Thursday, 22 March 2012

Interview :DD

I did an interview with Alabama 3 recently, they very kindly mailed me their C.D. afterwards, leaving me feeling all professional. Go on, give it a read. I love feedback. :D Voilá.

“If anyone thinks that politics and religion aren’t suitable subjects for rock ‘n’ roll they should check out Alabama 3.” The Times

This pithy quote sums up my disposition regards Alabama 3, after talking to Rob Spragg, aka Larry Love, one of the band’s founding personas. It was an education. This band are wrongly categorized as one track wonders- the group achieved international fame when the producers of cult TV series The Sopranos chose its track ‘Woke Up This Morning’ for the show's opening credits. I guarantee you everyone; literally everyone alive in the nineties could sing it back to you. However, we revel in ignorance as we happily hum the tune. Little do we know that the potent lyrics were inspired not by a New Jersey mobster, but of a woman suffering domestic violence. Presenting a snippet of their zany and highly stimulating viewpoints.

There seems to be an interweaving lyrical theme throughout your music in that you talk about a preaching a gospel. What is the essence of this message you seek to spread?
As a nine-person band, we draw inspiration from loads of different places. Revolutionaries like Che Guevara, Karl Marx and Rosa Luxembourg all influence us. So I guess the message we are sending out is to the young people of the world… Get up off your arses and do something for a cause! But of course, do it without causing trouble. And never trust bankers, that too.

You guys unquestionably have controversial lyrics. No offence meant, but is this simply just to be controversial for the sake of being controversial, or do they have a deeper meaning?
 Our lyrics are controversial, but no, they’re not controversial for the sake of it. The controversy now, today, is about young people. A lot of this record is about young people today. We were very interested as a group in the riots at home (referring to the London riots). The government was very quick to blame young people for what had happened; whilst bankers in the city were get away with blue murder, but for different reasons.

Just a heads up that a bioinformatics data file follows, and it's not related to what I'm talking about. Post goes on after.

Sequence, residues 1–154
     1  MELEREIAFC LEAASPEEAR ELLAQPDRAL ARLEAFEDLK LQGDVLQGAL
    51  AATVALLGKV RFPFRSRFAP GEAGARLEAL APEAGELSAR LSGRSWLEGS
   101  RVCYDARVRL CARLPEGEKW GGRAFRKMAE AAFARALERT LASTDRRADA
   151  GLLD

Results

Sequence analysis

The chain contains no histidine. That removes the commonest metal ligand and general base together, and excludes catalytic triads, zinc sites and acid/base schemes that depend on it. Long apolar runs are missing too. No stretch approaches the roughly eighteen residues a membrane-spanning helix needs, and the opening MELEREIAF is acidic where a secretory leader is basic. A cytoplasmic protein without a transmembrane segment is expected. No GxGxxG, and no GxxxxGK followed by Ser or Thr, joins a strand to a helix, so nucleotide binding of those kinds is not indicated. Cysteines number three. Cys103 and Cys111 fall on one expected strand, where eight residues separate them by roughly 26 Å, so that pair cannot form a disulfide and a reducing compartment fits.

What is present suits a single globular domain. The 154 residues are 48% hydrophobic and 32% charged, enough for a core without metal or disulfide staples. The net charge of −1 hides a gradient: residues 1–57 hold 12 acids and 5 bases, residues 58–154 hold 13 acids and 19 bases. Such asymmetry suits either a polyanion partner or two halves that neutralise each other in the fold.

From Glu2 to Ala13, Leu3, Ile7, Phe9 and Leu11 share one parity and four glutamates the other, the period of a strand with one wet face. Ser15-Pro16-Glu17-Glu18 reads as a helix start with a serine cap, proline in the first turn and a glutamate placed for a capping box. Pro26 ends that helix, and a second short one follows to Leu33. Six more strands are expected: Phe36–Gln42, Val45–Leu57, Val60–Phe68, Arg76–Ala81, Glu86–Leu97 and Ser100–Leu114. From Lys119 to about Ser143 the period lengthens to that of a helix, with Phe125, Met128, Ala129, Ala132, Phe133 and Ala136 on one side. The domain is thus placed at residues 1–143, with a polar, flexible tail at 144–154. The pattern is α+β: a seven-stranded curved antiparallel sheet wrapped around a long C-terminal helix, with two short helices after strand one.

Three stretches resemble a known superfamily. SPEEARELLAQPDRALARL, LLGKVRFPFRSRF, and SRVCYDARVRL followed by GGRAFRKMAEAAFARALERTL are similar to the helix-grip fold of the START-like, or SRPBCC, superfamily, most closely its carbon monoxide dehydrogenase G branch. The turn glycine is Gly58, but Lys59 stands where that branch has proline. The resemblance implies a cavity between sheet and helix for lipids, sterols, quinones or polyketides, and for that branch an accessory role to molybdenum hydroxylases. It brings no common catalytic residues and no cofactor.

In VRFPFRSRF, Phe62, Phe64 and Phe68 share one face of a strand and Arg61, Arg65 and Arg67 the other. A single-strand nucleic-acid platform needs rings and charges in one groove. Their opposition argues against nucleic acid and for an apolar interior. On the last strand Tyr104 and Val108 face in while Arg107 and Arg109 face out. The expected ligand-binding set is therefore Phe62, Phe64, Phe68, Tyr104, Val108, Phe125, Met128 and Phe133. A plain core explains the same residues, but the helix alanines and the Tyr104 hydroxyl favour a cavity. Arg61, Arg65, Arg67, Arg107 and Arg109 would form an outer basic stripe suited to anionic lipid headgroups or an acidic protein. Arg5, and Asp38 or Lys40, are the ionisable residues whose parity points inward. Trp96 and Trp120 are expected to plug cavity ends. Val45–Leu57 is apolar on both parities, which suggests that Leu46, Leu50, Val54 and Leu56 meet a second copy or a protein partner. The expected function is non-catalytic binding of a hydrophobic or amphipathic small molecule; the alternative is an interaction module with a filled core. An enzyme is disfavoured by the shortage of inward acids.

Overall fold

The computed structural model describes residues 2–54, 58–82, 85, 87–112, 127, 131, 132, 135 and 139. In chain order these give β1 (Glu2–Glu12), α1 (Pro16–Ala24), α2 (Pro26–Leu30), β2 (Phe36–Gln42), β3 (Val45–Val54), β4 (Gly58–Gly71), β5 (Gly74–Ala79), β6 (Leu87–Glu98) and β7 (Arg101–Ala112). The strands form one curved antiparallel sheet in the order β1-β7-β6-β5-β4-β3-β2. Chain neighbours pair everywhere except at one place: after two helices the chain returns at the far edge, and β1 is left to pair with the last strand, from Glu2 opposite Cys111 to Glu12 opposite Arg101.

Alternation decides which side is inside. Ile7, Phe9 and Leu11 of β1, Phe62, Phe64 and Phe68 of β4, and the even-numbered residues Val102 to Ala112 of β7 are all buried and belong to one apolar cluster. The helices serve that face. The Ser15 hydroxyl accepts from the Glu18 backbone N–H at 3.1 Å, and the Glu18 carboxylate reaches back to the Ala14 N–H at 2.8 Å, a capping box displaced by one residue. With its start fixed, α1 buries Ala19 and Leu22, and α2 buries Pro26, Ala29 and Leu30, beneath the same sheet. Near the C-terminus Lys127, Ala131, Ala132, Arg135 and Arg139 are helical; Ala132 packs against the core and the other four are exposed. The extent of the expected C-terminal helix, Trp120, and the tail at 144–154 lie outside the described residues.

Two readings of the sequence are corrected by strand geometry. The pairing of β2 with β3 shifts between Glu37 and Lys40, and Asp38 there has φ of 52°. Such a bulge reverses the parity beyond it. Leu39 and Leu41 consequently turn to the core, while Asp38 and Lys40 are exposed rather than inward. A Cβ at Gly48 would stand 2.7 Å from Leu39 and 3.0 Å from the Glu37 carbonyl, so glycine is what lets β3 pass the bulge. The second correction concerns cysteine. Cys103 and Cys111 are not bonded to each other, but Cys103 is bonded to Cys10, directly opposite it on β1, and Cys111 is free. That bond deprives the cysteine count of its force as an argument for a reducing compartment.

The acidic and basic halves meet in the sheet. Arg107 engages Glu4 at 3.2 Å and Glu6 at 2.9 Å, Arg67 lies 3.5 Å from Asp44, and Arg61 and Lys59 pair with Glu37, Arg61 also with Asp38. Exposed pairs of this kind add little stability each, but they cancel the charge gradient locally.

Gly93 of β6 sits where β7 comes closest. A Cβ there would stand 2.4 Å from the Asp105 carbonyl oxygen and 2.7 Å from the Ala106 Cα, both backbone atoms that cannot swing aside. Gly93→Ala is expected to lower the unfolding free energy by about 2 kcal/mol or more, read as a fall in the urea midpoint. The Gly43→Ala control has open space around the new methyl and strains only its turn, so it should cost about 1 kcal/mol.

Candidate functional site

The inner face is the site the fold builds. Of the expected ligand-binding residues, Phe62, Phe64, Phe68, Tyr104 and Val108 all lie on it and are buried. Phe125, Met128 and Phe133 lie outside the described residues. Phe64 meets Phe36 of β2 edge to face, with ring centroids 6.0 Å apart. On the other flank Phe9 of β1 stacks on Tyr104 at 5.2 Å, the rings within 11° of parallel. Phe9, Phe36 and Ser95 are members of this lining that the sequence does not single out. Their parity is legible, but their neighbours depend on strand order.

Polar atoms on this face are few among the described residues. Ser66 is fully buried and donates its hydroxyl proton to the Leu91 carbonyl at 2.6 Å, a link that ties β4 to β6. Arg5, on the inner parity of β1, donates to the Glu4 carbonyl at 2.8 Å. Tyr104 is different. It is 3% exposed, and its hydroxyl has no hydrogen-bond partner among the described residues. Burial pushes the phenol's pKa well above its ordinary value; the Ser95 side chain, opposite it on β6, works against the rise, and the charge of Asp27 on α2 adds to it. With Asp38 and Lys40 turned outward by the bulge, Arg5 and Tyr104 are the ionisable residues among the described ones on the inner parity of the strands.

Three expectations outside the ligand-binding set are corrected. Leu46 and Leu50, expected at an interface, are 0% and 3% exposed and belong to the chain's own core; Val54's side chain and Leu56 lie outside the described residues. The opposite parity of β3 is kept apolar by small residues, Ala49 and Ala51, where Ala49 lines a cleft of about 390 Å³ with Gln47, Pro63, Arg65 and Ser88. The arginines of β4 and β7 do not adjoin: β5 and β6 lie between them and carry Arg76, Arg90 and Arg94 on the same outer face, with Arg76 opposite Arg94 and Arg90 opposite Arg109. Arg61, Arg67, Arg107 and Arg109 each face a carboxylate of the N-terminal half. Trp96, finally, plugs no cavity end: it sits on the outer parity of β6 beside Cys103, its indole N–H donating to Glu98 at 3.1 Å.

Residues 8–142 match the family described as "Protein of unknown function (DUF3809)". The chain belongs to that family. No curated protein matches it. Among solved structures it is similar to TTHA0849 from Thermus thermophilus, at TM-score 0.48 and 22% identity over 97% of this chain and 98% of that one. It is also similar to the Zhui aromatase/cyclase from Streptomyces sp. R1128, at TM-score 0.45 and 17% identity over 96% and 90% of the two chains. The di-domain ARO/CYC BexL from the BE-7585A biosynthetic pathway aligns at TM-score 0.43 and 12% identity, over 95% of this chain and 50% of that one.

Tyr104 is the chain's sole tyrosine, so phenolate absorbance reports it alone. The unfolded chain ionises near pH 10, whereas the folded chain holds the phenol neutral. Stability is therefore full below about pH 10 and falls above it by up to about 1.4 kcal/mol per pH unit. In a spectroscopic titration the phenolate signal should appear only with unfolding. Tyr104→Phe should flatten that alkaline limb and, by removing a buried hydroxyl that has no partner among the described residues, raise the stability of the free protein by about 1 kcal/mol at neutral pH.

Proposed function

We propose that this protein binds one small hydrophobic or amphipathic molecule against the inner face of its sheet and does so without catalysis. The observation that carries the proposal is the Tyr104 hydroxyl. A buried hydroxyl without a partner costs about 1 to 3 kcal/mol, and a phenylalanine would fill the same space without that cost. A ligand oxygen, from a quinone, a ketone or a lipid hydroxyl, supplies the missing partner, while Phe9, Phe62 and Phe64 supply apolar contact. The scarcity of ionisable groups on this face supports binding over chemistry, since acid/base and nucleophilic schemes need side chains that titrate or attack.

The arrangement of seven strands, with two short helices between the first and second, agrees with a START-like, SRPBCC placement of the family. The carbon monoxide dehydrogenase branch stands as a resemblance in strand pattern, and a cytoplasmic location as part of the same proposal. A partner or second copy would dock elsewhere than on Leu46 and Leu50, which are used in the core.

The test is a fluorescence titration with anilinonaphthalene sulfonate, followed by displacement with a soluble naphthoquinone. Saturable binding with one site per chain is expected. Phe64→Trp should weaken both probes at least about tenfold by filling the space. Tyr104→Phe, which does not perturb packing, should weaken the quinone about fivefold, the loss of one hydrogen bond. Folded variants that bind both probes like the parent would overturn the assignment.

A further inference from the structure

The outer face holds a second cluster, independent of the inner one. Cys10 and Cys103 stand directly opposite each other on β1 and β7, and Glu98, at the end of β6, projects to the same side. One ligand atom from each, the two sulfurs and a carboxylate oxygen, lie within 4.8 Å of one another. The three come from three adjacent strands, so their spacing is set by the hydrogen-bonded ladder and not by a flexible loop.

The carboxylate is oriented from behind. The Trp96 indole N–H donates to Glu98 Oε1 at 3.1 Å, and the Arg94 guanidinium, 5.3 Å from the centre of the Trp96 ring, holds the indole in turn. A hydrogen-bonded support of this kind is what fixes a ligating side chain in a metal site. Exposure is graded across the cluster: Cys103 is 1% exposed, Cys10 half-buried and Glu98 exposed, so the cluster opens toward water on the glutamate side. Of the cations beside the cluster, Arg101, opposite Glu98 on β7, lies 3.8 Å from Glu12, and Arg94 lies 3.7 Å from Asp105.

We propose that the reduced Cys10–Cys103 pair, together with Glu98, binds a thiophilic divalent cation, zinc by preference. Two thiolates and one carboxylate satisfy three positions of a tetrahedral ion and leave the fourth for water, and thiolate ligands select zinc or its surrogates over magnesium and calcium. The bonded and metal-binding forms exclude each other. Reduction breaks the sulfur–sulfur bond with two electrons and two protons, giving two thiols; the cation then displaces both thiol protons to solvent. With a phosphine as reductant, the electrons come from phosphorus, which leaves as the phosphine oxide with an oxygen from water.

With ‘Shoplifting 4 Jesus’, we worked with many young rappers, kids fresh out of college. The lyrics on this CD are all about the love we need to show for the youth of today. Basically, this record is like 2 fingers up to the middle classes, and the Establishment. Unemployment is so high at the moment; the government is quick to point the finger to the youth of today for society’s problems.
We support revolution and rioting in a way. The internet is brilliant for organizing revolt against the establishments. It’s really important to us that the kids of today have developed a political conscience. Not a political conscience in a Bono kind of way, but a conscience with serious intention.

What’s your song writing process like, as a group with multifaceted musical and philosophical interests?
Well there are 9 of us, and we’ve been together for 15 years. Its weird, country western could become techno, and that then could become a ballad. We have been put into the genre of techno sound system, but I think we could just as easily be categorized as a blues and country western group. Each song is different really, and our music changes constantly. I could be raving along to something and an idea or a melody could just pop into my head.

You gained notoriety as a group with the song “Got Yourself A Gun”. Is this song something you have now come to hate, in that some may categorise you as one hit wonders?
No, we’re really proud of that song, whatever the outcome may be. The song was just picked up by the producers of the Sopranos, which we are eternally grateful for! We didn’t write it with the intention of it being on the soundtrack, it actually has nothing to do with gangsters.
We wrote the song from the viewpoint of a woman suffering domestic violence, who went on to shoot her husband. You may have heard of Sarah Thornton, it’s kind of her story (Sara Thornton was found not guilty of murdering her alcoholic husband, but was convicted instead of manslaughter. This at the time was a cause célèbre for women’s rights). It just shows how a song can be interpreted completely differently.

Would you describe yourselves as completely anti establishment, or anti government even? Your lyrics allude to ‘they [who have] tried to stop us. They say we were too political, too ugly’. Who are they?
We are essentially a group who are pro young people, and very much anti middle class. We have done a lot of work with MOJO, an organization supporting prisoners who have been wrongly convicted.
Listen, we are the marmite of rock and roll, some people are going to love us, others will hate us. And we’re ok with that.

If you could change one thing about modern music industry what would it be?
That’s easy- all bands would have to give away their music for free. That’s the way things are heading anyway, with downloading being the way it is. Every new band that’s coming out has to release a free track now by way of necessity. Look at Irish bands like Bipolar Empire, they’re setting a fine example. It’s the future, without a doubt.

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